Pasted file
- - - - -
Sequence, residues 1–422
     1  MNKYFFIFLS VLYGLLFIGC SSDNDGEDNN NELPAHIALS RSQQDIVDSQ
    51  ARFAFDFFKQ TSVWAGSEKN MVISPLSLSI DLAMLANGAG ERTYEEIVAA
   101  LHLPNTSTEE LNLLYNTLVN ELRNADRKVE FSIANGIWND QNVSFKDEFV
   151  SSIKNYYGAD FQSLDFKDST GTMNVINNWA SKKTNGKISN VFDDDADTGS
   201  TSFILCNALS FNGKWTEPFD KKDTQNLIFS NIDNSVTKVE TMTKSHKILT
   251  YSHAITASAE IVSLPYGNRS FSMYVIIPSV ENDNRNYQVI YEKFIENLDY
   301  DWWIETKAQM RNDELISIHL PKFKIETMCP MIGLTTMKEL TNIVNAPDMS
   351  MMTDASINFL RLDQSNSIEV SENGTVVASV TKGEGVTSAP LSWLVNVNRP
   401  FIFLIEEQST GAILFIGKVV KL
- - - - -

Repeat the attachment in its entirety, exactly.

Sequence, residues 1–422
     1  MNKYFFIFLS VLYGLLFIGC SSDNDGEDNN NELPAHIALS RSQQDIVDSQ
    51  ARFAFDFFKQ TSVWAGSEKN MVISPLSLSI DLAMLANGAG ERTYEEIVAA
   101  LHLPNTSTEE LNLLYNTLVN ELRNADRKVE FSIANGIWND QNVSFKDEFV
   151  SSIKNYYGAD FQSLDFKDST GTMNVINNWA SKKTNGKISN VFDDDADTGS
   201  TSFILCNALS FNGKWTEPFD KKDTQNLIFS NIDNSVTKVE TMTKSHKILT
   251  YSHAITASAE IVSLPYGNRS FSMYVIIPSV ENDNRNYQVI YEKFIENLDY
   301  DWWIETKAQM RNDELISIHL PKFKIETMCP MIGLTTMKEL TNIVNAPDMS
   351  MMTDASINFL RLDQSNSIEV SENGTVVASV TKGEGVTSAP LSWLVNVNRP
   401  FIFLIEEQST GAILFIGKVV KL